Beta

Slashdot: News for Nerds

×

Welcome to the Slashdot Beta site -- learn more here. Use the link in the footer or click here to return to the Classic version of Slashdot.

Thank you!

Before you choose to head back to the Classic look of the site, we'd appreciate it if you share your thoughts on the Beta; your feedback is what drives our ongoing development.

Beta is different and we value you taking the time to try it out. Please take a look at the changes we've made in Beta and  learn more about it. Thanks for reading, and for making the site better!

Congress Mulls API For Congressional Data

kdawson posted more than 5 years ago | from the it's-a-start dept.

Programming 121

Amerika sends in a Wired blog post on the desire in Congress to make data on lawmaking more easily available to the public. The senator who introduced the language into an omnibus appropriations bill wants feedback on the best way to make (e.g.) the Library of Congress's Thomas data more available — an API or bulk downloads, or both. Some comments on the blog posting call for an authenticated versioning system so we can know unequivocally how any particular language made its way into a bill. "Congress has apparently listened to the public's complaints about lack of convenient access to government data. The new Omnibus Appropriations Bill includes a section, introduced by Rep. Mike Honda (D-Calif.), that would mark the first tangible move toward making federal legislative data available to the public in bulk, so third parties can mash it up and redistribute it in innovative and accessible ways. This would include all the data currently distributed through the Library of Congress's Thomas web site — bill status and summary information, lists of sponsors, tracking timelines, voting records, etc."

cancel ×

121 comments

If this brings about more accountability (2, Insightful)

Em Emalb (452530) | more than 5 years ago | (#27091969)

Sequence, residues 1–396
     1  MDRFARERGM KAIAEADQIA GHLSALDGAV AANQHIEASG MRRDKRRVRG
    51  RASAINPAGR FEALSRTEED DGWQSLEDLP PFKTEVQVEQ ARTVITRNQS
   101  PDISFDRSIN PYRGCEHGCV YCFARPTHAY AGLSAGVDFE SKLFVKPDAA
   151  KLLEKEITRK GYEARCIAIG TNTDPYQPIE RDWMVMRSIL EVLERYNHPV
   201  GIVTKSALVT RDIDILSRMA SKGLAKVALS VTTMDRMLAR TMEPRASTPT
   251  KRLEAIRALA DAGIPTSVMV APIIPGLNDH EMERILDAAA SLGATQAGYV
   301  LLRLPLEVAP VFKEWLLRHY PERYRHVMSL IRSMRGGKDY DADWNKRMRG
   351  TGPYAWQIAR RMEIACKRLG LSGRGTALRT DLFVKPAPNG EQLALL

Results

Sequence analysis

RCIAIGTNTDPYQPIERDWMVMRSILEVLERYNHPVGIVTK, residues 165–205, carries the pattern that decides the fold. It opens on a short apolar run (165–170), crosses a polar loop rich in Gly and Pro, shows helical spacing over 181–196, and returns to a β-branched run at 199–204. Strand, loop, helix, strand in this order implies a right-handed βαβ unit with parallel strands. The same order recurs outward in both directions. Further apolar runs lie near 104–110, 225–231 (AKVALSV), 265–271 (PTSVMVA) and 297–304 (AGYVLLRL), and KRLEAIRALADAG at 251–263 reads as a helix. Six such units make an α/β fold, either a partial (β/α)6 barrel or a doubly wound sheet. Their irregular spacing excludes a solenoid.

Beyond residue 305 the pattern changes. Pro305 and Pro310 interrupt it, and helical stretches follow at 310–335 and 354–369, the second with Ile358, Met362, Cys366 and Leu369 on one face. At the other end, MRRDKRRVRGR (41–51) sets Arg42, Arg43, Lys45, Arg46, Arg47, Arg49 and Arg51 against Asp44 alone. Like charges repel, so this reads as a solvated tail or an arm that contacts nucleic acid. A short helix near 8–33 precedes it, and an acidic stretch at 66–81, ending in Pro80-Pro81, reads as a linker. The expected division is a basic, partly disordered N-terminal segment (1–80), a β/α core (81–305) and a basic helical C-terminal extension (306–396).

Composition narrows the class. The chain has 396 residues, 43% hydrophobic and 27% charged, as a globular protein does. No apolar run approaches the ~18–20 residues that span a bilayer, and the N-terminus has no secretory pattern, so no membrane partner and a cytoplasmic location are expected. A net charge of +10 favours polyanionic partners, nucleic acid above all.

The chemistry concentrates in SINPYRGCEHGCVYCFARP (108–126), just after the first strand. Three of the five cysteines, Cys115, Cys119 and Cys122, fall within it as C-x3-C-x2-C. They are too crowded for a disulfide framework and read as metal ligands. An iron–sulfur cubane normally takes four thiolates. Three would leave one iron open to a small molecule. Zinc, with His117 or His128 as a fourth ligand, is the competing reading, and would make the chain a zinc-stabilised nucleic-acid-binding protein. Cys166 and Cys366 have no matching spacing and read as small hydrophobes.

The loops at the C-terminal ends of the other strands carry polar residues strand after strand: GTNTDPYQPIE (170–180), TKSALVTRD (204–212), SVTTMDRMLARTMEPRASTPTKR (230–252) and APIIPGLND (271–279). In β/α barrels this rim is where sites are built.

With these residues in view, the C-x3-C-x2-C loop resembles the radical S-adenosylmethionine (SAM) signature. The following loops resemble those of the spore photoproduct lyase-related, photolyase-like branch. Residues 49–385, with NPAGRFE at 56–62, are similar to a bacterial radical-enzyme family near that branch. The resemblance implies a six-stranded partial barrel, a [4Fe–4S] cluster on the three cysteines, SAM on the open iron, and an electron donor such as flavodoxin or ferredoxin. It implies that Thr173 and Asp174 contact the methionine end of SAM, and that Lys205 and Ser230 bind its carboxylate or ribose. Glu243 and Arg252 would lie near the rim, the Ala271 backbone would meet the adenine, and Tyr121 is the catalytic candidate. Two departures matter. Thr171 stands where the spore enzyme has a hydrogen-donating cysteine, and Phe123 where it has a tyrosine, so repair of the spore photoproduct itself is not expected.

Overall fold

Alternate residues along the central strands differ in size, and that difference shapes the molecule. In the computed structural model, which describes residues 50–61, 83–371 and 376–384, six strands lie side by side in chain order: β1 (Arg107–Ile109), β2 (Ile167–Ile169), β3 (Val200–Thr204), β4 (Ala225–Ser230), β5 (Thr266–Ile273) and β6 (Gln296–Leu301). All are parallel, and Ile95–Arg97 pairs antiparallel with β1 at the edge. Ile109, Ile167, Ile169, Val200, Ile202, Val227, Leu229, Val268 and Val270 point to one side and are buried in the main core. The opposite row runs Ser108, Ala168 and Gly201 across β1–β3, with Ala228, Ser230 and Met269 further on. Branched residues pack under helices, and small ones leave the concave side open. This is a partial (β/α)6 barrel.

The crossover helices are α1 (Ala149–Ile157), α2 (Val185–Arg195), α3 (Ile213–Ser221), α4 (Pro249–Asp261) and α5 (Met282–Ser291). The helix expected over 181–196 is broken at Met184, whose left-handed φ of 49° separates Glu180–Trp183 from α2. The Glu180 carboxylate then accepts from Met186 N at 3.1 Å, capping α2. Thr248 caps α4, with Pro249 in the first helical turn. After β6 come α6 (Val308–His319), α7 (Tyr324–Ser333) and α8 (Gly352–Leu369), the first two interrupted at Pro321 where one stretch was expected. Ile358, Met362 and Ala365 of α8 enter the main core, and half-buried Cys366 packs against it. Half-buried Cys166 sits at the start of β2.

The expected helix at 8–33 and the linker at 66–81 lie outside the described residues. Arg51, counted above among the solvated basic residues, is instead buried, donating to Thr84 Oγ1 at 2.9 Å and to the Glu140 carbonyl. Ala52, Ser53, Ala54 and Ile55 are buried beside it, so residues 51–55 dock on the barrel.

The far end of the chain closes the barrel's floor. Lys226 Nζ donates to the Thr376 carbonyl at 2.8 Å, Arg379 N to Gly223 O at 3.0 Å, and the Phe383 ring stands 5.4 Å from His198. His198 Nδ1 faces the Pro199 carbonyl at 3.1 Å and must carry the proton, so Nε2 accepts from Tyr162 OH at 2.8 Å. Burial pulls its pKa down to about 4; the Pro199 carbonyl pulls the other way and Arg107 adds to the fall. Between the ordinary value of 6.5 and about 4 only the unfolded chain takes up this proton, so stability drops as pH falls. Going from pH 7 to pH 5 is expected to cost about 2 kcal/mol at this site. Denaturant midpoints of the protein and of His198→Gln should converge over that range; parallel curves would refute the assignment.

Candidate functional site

...then I'm all for it.

Clarity is a good thing in government.

Re:If this brings about more accountability (2, Informative)

Shakrai (717556) | more than 5 years ago | (#27092035)

What good is accountability when most Congressional Districts are drawn [wikipedia.org] in such a way that the real election winds up being during the primary where only the most rapid party supporters (typically 10-15% of those eligible) turn out to vote?

Re:If this brings about more accountability (4, Funny)

Em Emalb (452530) | more than 5 years ago | (#27092141)

You're right, we shouldn't have increased accountability.

Re:If this brings about more accountability (2, Insightful)

Shakrai (717556) | more than 5 years ago | (#27092185)

That's not what I said. I just question how "accountable" they are when they have a 95% chance of being re-elected as long as they pander to the party base. In the final analysis the only way you can hold a politician accountable is to vote them out of office. Via gerrymandering and pork they've rigged the game to make this virtually impossible. Do you see the problem?

Re:If this brings about more accountability (1)

Em Emalb (452530) | more than 5 years ago | (#27092237)

Then I misinterpreted what you meant to say. My bad.

Anyway, you're right. The system is broken. Those who manage to claw their way into political power seemingly do everything they can to remain there. The process itself is flawed and our current two party system needs repair something fierce.

Slowdown cowboy! it's been a good 90 seconds since you last posted. That's not nearly long enough of a wait!

Re:If this brings about more accountability (1)

homer_ca (144738) | more than 5 years ago | (#27092987)

and not only that, *rabid* supporters too! But seriously primaries are no contest either. I believe more members of Congress are replaced by death in office than by primary challenges (I can't remember the exact stat and can't google it. It was either "by death in office" or "by death in office and retirement").

Re:If this brings about more accountability (1)

kenj0418 (230916) | more than 5 years ago | (#27094565)

I assumed there was some sort of API anyway, I assumed thats what sites like opencongress.org were using:

http://www.opencongress.org/ [opencongress.org]

Law for geeks (3, Insightful)

Baldrson (78598) | more than 5 years ago | (#27092009)

Law is code*.

Legislation is a change to the code.

The legislative process is change control.

*It is perhaps not entirely coincidental that the "code base" of law in the US is designated by the prefix "United States Code".

Re:Law for geeks (4, Informative)

gEvil (beta) (945888) | more than 5 years ago | (#27092051)

I think you have that backwards. It is not entirely coincidental that the rules that a computer program follows are called "code".

Re:Law for geeks (1)

DrLang21 (900992) | more than 5 years ago | (#27092061)

The only problem with the legislative process as change control is that it's hard to tell which coder is responsible for any given bug (or Easter egg!) in the system.

Re:Law for geeks (4, Interesting)

orclevegam (940336) | more than 5 years ago | (#27092221)